Thus, from Equation 3, in the worst case the block reward per transaction must exceed Vmax divided by α, which is my re-statement of Budish's Equation 4. The limited block size causes high and volatile transaction fees, and uncertain delay in transaction confirmation, making Bitcoin useless for small transactions. This is the problem the Lightning network is attempting (unsuccessfully) to solve. Equation 4 means it is unsafe for the Bitcoin blockchain to allow large transactions. But the problem for Bitcoin is worse. The major attraction of Bitcoin for devotees of Austrian economics is that there will never be more than 21M Bitcoins. To ensure this, Pblock decreases with time, eventually becoming zero. And so does the largest transaction it is safe to allow.

Budish ran simulations exploring "double spend" attacks against the current Bitcoin blockchain, and shows the results in Table 1. For the canonical case of waiting six blocks for confirmation (t = 6) and assuming A = 1.25, the attack lasts less than 14 block times and has an expected cost net of block rewards of 3.35 times Pblock, or under 42BTC ($248K, if you believe "market prices").

David Gerard points to this table of the cost of a 1-hour 51% attack on a range of cryptocurrencies, using prices from NiceHash (of course, NiceHash would not actually be able to sell you this much mining power). Attacking Bitcoin would cost $424,469, less than a factor of two away from an estimate from Budish's work. Note that only Bitcoin and Ethereum among cryptocurrencies with "market cap" over $100M would cost more than $100K to attack. The total "market cap" of these 8 currencies is $271.71B and the total cost to 51% attack them is $1.277M or 4.7E-6 of their market cap.

Sabotage Attack

[Special Agent in Charge Angel] Melendez emphasized that the open nature of the blockchain made it difficult to hide drug money. “The biggest selling point for the blockchain is that it’s transparent. Everybody can see it. And we can see it, too.” Melendez was announcing that more than 40 alleged dark-web drug dealers had been arrested. (Source)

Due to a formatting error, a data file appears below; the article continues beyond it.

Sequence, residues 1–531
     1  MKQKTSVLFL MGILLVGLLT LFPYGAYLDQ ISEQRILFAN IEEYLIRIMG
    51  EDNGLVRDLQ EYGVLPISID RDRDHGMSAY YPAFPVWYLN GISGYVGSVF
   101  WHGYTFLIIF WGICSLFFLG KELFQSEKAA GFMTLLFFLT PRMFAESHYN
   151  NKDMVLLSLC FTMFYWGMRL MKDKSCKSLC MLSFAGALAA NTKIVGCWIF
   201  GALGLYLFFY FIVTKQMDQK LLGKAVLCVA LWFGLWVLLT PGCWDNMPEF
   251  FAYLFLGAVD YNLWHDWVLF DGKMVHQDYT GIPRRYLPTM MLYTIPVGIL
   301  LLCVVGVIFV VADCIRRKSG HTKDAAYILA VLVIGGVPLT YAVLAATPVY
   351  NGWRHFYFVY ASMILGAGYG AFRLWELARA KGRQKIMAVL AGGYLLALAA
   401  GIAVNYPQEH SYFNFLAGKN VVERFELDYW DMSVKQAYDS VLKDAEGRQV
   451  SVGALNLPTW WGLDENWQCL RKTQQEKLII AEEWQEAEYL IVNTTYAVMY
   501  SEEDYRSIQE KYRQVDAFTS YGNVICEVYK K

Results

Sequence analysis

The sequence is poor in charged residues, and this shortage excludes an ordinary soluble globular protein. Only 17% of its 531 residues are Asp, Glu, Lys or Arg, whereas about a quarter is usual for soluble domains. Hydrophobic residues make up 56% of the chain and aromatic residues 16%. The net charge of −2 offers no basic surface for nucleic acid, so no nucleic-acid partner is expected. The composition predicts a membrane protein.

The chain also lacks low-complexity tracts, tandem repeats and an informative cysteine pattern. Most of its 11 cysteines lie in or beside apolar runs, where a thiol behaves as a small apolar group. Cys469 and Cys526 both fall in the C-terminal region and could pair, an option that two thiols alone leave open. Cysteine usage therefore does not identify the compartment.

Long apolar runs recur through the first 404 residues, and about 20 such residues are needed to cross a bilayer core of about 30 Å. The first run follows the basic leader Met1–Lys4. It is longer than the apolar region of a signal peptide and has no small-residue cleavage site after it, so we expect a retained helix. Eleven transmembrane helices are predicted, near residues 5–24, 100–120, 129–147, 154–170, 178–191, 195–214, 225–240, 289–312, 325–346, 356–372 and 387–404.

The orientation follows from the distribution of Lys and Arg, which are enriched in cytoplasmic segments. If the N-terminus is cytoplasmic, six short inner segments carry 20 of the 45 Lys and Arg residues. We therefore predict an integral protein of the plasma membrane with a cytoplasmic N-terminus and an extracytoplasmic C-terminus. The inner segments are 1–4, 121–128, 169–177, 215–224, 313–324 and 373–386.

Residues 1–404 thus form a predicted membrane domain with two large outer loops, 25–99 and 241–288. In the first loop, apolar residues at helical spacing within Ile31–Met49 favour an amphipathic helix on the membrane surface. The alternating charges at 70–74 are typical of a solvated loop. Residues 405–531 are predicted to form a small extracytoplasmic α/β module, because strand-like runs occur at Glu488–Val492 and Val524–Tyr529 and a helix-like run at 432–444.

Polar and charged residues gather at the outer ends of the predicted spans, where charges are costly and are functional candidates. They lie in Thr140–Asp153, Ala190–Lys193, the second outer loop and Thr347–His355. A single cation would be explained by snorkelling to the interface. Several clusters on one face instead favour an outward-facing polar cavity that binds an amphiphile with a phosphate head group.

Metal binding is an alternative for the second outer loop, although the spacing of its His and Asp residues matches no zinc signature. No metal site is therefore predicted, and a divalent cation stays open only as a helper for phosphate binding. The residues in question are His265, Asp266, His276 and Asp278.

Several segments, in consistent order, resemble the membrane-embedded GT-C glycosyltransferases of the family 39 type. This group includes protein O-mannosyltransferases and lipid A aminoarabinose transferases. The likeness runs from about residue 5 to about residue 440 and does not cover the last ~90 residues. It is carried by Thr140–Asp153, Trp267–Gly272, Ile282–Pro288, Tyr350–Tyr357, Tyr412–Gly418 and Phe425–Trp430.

The downside for an insider 51% attacker is that, after the fact, the attack would likely be detected, discrediting the cryptocurrency and thus reducing its value, and the insider's investment.

Budish analyzes this case (I have changed the symbols slightly for ease of understanding):
Formally, let us assume that the double-spending attack analyzed in Section 2.1 causes a proportional decline in the value of Bitcoin of attack, and that the attacker holds the minimum amount of Bitcoin necessary to conduct the attack, namely k⋅Vmax worth. ... The attack decline in the value of Bitcoin modifies equation (4) to be Equation 4′:
Pblock > k⋅Vmax⋅(1 - ∆attack)/(A -1 + ∆attack)
The larger is attack, the smaller is the implicit tax on the system necessary to deter the majority attack, i.e., the level of [block reward per transaction] necessary to support a given [Vmax]. For example, if attack = 1, i.e., if the attack causes a total collapse of the value of Bitcoin, the attacker loses exactly as much in Bitcoin value as he gains from double spending; in effect, there is no chance to “double” spend after all. ... However, attack is something of a “pick your poison” parameter. If attack is small, then the system is vulnerable to the double-spending attack ... and the implicit transactions tax on economic activity using the blockchain has to be high. If attack is large, then a short time period of access to a large amount of computing power can sabotage the blockchain.
Experience tends to show that the Bitcoin market is sufficiently manipulated that attack would be small. But this may no longer be the case. Olga Kharif's Crypto Collapse Spreads With Hundreds of Coins Plunging in Value reports that:
Over 80 percent of 1,586 digital coins tracks in a weekly survey decreased in price in the past seven days. The tokens fell 19 percent on average, found in the week ended June 25.

Trading volume dropped as well, declining by 6 percent from the previous week, said. Bitcoin, Tether, Ether, EOS and Bitcoin Cash were the top five traded cryptocurrencies. Volume was half of what it was at the end of April, when first started releasing its Weekly Coin Analysis.
1-yr BTC-USD "Price"
However, there are two cases in which the goal is for attack to be large, and powerful adversaries would likely have the PR resources to achieve this goal:
  • Recently, the financial wizards who brought us the 2008 global financial crisis have started Bitcoin Futures markets, which enable shorting of BTC. Shorting BTC has been a very profitable trade this year, as BTC's "market price" has declined from $19,499 on 15th December 2017 to, as I write this, $5,890. Further sharp declines would be in the short-sellers' interest.
  • Governments dislike the major uses for cryptocurrencies, unregulated speculation, money laundering, ransomware, and trade in illicit goods. They would be happy to see cryptocurrency values crash.

More Realistic Models

To this point, Budish's analysis has made a set of assumptions that don't hold in the real Bitcoin mining market:
Assume for now that [mining] cost is symmetric across all participants and that the chips are easily repurposable, so we do not have to worry about sunk costs, adjustment costs, etc.
In Section 3 Budish examines lifting these assumptions:
The analysis in Sections 1-2 assumed that the attacker’s cost of waging the majority attack was proportional to the per-block “flow” cost of mining the block chain. ... However, if both (i) the technology necessary for mining the blockchain is specific (i.e., non-repurposable), and (ii) the attack harms the subsequent value of that technology, then it may be appropriate to charge the attacker a stock cost rather than a flow cost. Importantly, (i) and (ii) seem likely to hold for the Bitcoin blockchain at present.